Digital Death

Tickets for the Afterlife (Digital Experience)

Explore a range of choices for what to do with your body, memories and legacies that span the past, present, future of death and dying.

Tickets for the Afterlife aims to introduce people to planning end of life wishes. Through visual communication, interaction and personal decision making. It uses artistic research methods that position diverse rituals and potential futures as options to be chosen within the digital experience/ website. It also uses the library's collections of books as a way of giving people personalised recommendations for further inquiry.

It treats death and dying as a health and societal issue and works to engage the wider public in the concept of using libraries as ‘death positive spaces’ and their collections of books as trusted resources that push people to consider their own mortality.

The Tickets for the Afterlife website was creatively directed by Dr Stacey Pitsillides with graphic designer Elena Demireva, web developer’s Parvin Asadzadeh Birjandi & Tom Hegarty and sound designer Emma Margetson. Content research and co-design with Dr Claire Nally and the Death Positive Library team. Together this team have investigated the role of Death Positive Libraries during the pandemic through author/Filmmaker Q&A’s, death cafes and A Grief Spoon Room with the Loss Project. This project has been funded by the Wellcome Trust, Carnegie UK, and The Wolfson Foundation and has recently been awarded the Health and Wellbeing Award from Libraries Connected, an organisation which promotes and represents libraries as important resources at the heart of communities.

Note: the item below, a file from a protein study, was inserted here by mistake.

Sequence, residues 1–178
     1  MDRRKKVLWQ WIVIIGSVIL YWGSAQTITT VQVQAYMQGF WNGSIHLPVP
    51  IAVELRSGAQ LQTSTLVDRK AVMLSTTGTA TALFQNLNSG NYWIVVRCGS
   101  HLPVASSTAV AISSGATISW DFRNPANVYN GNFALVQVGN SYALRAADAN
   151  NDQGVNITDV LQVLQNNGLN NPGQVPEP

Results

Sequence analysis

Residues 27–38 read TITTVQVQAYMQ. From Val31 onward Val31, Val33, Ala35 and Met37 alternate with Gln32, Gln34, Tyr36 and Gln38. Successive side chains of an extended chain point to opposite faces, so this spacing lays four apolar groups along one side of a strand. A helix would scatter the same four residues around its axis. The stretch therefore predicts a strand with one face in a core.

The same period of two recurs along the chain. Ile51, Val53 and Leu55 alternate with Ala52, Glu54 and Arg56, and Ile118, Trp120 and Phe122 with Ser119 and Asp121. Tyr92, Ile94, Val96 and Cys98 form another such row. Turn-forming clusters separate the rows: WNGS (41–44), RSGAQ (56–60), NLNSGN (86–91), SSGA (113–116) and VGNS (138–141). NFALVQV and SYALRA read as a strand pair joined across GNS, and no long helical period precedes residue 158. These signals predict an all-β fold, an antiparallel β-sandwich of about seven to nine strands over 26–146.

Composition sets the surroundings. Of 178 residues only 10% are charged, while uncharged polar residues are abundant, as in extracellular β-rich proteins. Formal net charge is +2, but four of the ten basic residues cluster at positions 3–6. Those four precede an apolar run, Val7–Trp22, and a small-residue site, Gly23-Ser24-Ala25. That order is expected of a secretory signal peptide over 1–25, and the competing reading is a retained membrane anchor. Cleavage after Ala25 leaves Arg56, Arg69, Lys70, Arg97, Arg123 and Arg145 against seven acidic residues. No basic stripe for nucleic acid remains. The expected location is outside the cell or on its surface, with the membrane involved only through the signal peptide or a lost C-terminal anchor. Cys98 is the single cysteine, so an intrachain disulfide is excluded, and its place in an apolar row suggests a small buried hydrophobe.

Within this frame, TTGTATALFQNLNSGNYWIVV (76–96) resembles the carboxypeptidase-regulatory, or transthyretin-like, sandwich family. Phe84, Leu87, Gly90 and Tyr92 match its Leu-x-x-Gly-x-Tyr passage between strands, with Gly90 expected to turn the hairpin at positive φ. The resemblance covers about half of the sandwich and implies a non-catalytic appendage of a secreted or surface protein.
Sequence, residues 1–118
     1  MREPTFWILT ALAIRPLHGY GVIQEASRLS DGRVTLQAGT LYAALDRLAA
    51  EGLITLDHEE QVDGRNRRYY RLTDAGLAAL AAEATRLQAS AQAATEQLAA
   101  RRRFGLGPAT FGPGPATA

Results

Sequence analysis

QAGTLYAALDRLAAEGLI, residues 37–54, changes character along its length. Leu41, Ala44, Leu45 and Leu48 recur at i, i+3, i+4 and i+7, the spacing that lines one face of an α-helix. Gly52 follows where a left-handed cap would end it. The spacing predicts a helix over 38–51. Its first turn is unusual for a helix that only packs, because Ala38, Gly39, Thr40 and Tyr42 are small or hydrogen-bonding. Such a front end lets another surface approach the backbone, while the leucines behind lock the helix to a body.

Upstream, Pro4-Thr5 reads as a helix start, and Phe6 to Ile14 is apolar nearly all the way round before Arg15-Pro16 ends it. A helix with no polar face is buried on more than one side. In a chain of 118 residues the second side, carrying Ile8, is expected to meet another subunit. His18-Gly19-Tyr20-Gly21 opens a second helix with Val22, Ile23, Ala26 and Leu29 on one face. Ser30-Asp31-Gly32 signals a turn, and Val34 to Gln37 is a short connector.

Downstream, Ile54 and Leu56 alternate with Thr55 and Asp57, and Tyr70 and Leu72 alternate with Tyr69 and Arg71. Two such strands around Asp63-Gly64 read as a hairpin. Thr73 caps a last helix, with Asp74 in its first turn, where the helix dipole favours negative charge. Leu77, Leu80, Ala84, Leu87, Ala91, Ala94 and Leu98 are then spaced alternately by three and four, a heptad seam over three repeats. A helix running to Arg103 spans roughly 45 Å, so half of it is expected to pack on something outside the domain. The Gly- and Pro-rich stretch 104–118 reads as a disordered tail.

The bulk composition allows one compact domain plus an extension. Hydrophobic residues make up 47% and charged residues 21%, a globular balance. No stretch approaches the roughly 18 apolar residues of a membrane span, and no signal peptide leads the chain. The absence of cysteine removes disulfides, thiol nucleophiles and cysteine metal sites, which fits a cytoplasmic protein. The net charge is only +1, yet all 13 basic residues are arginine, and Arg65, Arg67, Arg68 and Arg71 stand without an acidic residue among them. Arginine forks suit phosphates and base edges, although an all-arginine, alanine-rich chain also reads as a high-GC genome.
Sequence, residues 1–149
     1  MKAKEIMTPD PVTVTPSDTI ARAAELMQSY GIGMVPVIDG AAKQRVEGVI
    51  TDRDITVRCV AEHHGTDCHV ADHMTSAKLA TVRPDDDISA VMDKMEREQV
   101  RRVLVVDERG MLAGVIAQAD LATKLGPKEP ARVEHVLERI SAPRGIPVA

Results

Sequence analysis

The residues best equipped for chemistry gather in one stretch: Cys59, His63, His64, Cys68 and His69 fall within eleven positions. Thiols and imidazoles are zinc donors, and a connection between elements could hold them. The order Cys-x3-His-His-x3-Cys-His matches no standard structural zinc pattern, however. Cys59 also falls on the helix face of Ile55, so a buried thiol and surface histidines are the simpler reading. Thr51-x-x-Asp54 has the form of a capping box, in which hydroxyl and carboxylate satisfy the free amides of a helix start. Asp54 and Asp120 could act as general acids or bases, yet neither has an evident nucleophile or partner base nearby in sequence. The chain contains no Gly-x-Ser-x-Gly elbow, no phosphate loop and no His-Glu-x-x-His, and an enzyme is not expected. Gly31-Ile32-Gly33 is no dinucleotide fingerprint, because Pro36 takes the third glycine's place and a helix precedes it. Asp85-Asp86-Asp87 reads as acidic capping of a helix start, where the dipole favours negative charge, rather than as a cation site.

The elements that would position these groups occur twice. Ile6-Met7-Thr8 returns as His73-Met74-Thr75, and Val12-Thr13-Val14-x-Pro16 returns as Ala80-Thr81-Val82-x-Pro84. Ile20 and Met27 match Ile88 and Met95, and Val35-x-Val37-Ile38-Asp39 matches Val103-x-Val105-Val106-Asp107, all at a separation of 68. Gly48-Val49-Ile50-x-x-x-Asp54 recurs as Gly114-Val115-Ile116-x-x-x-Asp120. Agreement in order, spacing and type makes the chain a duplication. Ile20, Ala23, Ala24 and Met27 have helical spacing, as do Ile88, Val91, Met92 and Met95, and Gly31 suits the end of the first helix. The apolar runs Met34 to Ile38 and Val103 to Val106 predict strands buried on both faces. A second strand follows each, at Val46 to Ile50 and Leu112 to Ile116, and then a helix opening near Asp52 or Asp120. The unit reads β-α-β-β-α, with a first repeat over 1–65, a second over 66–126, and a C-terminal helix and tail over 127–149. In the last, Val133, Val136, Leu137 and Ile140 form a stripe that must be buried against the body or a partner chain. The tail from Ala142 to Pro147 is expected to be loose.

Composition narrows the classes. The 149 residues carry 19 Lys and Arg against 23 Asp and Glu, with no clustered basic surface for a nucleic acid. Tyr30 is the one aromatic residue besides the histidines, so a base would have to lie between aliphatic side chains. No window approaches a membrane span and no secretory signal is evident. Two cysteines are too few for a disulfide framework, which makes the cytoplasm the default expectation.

More about The Death Positive Library:

The Death Positive Library grew out of a series of collaborations. It initially began in Redbridge Library, with the ‘The Final Party’, which included collaborations with funeral directors, creatives, and academics. One of the installations commissioned was ‘Love After Death’ ( which brought forth key questions about the role of design and speculation within libraries. This developed into a cross-community collaboration between Redbridge Library, Kirklees Library and Newcastle City Library with academics from Northumbria University. The Death Positive Library approaches death and dying as a health and societal issue but seeks to engage the wider public in the concept of libraries as death positive spaces and their collections of books as creative resources that push us to consider our own mortality.